One method of deploying device 20 comprises maneuvering first tubular member 12 a over guidewire 14 a (or maneuvering guidewire 14 a through the lumen with the tubular member already mounted on the guidewire) until a desired deployment location is reached. Then, guidewire 14 a is retracted, and/or first tubular member 12 a is advanced past the distal end of the guidewire until the first tubular member is fully deployed, as shown in
After first tubular member 12 a has been deployed to secure a distal portion of truck section 22 of graft 21 against the body lumen, a second tubular member 12 b may be deployed to secure a proximal portion of first leg 23, as shown in
To deploy male extended portion 24 b of modular graft 21, guidewire 14 b may be advanced through the opposite iliac artery through which guidewire 14 a was advanced. Tubular member 12 c with attached graft 24 b may then be advanced over guidewire 14 b into a mating configuration with female portion 24 a of leg 24. As shown in
Referring now to
In multi-filament embodiments, one or more of the hollow members may contain a substance therein. For embodiments in which less than all of the hollow members are advanced over guidewires, one option is to use the non-guidewire-advancing members for containing the substance. The hollow members that are advanced over guidewires may also contain the substance, however, which is true with respect to multiple member embodiments such as is shown in
In some embodiments, it may be desired for the substance contained in the tubular member or members to elute out of the members. Accordingly, tubular members 32 may comprise a plurality of openings 36, such as micro-machined or laser-drilled holes, for eluting the substance once the endoluminal device is placed in a body lumen, as shown in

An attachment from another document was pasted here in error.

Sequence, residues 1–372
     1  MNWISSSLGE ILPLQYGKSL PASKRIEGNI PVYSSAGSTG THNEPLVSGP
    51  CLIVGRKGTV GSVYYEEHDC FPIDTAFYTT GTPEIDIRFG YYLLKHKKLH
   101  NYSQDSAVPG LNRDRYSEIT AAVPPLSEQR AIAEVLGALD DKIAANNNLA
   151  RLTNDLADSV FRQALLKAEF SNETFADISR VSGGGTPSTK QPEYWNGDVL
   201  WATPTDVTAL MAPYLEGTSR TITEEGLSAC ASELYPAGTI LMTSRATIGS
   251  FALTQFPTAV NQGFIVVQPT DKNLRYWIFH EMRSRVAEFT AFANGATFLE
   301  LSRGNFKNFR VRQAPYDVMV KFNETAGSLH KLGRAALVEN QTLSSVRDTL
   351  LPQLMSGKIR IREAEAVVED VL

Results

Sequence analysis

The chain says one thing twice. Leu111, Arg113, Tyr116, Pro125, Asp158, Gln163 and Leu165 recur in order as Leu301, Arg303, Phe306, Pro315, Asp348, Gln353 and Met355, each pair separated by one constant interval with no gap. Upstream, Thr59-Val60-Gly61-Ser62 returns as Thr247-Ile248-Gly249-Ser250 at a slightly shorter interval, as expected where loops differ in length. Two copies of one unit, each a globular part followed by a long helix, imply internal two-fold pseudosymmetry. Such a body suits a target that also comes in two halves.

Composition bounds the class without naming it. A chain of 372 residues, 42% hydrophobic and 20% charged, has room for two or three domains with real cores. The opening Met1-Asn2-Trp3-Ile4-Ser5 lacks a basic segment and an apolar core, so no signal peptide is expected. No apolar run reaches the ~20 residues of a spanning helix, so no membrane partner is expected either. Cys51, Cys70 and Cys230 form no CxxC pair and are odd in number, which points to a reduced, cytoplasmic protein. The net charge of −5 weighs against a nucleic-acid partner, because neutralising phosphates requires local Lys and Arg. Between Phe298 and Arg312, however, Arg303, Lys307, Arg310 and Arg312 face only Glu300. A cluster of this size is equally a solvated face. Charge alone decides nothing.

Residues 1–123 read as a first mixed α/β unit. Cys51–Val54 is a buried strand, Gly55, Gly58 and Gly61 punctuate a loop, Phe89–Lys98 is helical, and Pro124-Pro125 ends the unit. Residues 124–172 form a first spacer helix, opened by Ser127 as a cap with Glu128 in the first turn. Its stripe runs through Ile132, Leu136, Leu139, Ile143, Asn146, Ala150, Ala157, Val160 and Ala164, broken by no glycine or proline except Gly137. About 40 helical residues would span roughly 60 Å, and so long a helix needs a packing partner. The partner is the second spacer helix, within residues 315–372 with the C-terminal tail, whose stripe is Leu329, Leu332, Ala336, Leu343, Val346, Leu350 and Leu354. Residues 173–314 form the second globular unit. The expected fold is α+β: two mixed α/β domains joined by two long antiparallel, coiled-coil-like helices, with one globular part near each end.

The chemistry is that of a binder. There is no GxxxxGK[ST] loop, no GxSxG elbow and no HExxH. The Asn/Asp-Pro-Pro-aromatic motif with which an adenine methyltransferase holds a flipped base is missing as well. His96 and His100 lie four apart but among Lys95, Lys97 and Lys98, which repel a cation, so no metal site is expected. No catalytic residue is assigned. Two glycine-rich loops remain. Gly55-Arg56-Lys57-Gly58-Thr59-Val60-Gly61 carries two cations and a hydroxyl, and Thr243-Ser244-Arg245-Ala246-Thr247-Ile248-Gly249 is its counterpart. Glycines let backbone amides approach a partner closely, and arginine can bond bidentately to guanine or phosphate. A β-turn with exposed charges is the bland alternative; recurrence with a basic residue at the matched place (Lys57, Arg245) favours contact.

The term “biologically or pharmacologically active substance” refers to any substance, whether synthetic or natural, that has a pharmacological, chemical, or biological effect on the body or a portion thereof. Suitable biologically or pharmacologically active materials that can be used in this invention include without limitation glucocorticoids (e.g. dexamethasone, betamethasone), antithrombotic agents such as heparin, cell growth inhibitors, hirudin, angiopeptin, aspirin, growth factors such as VEGF, antisense agents, anti-cancer agents, anti-proliferative agents, oligonucleotides, antibiotics, and, more generally, antiplatelet agents, anti-coagulant agents, antimitotic agents, antioxidants, antimetabolite agents, and anti-inflammatory agents may be used. Antiplatelet agents can include drugs such as aspirin and dipyridamole. Aspirin is classified as an analgesic, antipyretic, anti-inflammatory and antiplatelet drug. Dipyridamole is a drug similar to aspirin in that it has anti-platelet characteristics. Dipyridamole is also classified as a coronary vasodilator. Anticoagulant agents may include drugs such as heparin, protamine, hirudin and tick anticoagulant protein. Anti-cancer agents may include drugs such as taxol and its analogs or derivatives. Taxol is also classified as a cell-growth inhibitor. Antioxidant agents may include probucol. Anti-proliferative agents may include drugs such as amlodipine and doxazosin. Antimitotic agents and antimetabolite agents may include drugs such as methotrexate, azathioprine, vincristine, vinblastine, 5-fluorouracil, adriamycin and mutamycin. Antibiotic agents can include penicillin, cefoxitin, oxacillin, tobramycin, and gentamicin. Suitable antioxidants include probucol. Also, genes or nucleic acids, or portions thereof may be used. Such genes or nucleic acids can first be packaged in liposomes or nanoparticles. Furthermore, collagen-synthesis inhibitors, such as tranilast, may be used.